Newton seeks cemetery levy for third time
NEWTON – For the third time, the township will be running a half-mill levy on the upcoming ballot in hopes of digging its cemetery fund out of an about $64,000 deficit with which they ended 2013.
The levy would cost about $17.50 annually for a $100,000 property owner and would bring in about $63,000 for maintenance of the cemeteries. The levy is part of the township’s plan to remove themselves from a state of fiscal caution, in which they were placed by the auditor of state in October 2012.
“We’ve been working with (local government services) on our fiscal caution since 2012, trying to ease the cemetery deficit,” Trustee Bob Page said. “Without the levy, we can’t erase the deficit.”
The township is responsible for the upkeep of seven cemeteries that have fallen into their jurisdiction over the past 200 years. The township’s first controlled cemetery, Newton Falls East, was donated to the trustees in 1817. By 1940, through a series of churches abandoning cemeteries, more land donations, and one purchase, the township was in control of six cemeteries.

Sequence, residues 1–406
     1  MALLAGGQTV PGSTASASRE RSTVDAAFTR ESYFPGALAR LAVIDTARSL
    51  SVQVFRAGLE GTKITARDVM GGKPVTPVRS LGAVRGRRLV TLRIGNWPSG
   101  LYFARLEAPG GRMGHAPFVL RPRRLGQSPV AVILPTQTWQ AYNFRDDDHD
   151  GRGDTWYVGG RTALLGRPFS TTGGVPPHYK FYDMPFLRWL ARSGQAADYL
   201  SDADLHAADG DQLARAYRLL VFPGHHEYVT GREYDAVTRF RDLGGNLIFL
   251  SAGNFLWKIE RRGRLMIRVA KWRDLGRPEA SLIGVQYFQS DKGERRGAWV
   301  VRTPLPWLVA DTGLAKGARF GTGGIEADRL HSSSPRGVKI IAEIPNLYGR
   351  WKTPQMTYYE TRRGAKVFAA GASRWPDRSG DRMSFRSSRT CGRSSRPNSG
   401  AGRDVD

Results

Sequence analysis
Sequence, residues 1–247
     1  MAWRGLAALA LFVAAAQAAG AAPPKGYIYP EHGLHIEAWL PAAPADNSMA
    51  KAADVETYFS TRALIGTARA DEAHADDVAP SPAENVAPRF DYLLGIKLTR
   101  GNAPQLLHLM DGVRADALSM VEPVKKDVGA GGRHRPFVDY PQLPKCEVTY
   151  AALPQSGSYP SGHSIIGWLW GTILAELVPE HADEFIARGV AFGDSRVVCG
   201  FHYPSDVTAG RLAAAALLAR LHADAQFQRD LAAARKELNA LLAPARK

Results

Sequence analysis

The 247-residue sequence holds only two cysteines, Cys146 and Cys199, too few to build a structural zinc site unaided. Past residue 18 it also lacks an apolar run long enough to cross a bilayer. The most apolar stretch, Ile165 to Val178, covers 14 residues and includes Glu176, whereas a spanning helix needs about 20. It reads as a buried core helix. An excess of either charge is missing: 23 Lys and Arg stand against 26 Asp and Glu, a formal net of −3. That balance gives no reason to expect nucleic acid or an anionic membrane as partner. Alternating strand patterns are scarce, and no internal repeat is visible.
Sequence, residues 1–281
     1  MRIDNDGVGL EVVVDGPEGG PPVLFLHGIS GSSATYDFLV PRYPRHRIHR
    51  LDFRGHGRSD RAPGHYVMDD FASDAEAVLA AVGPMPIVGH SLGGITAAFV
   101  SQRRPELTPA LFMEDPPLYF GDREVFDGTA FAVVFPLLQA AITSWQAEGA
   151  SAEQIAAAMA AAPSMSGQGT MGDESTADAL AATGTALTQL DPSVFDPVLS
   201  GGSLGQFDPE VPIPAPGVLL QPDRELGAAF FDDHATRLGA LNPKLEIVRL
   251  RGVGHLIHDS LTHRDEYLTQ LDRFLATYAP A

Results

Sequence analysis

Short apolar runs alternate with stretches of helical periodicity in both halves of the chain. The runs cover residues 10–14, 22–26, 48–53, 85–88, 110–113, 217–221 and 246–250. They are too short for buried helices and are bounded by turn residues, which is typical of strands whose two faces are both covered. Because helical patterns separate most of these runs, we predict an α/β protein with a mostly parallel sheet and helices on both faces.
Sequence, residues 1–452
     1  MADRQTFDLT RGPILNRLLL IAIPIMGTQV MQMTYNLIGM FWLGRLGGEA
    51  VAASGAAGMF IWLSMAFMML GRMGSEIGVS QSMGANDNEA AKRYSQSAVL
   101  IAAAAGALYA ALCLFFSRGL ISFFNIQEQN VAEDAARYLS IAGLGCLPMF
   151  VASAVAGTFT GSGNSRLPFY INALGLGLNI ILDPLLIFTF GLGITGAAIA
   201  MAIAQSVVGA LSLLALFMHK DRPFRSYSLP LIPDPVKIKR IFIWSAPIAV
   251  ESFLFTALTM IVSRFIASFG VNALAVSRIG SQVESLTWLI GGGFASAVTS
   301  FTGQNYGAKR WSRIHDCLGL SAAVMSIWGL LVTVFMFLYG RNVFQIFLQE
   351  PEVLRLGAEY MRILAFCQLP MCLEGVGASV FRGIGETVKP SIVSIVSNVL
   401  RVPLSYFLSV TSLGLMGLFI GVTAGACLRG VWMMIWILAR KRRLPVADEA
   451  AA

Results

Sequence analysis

In 2006, the township took on the St. Michael’s Cemetery when the church could no longer afford its maintenance. By law the township is required to mow the cemeteries twice each year – a minimum to which the trustees have said they do not want to resort.
“We have to keep our cemeteries in good condition, mowed and attractive, to honor the military veterans,” Page said.
Fiscal Officer Susan Montgomery said over the last two years, fees for burials and cemetery lot prices have been increased by nearly 29 percent, but it is not near enough to cover basic maintenance, especially, she noted, when some of the older cemeteries are already full.
“The half-mill levy request on the May primary ballot is considered the most equitable and fair way to fund the maintenance of the cemeteries, and remains the only viable option to increase revenues for maintaining the community’s cemeteries besides additional increases in fees,” she wrote in an email. “Additional fee increases are not preferred, would substantially affect a handful of residents, and would provide only a portion of necessary revenues.”
In 2013, only $8,100 was generated through lot sales, while much of the revenue, about $35,000, was offset by labor costs for burials and adding foundations. Other costs are supplemented from the general fund, which is partly what resulted in the township falling into fiscal caution.
Township officials are hoping the third time around will be enough to swing approximately three percent of votes that held them back on the levy’s passage in the last two elections.
“It is hoped that our community will recognize the need and send the message that they want the cemeteries to be maintained at current levels by supporting the levy,” Montgomery said.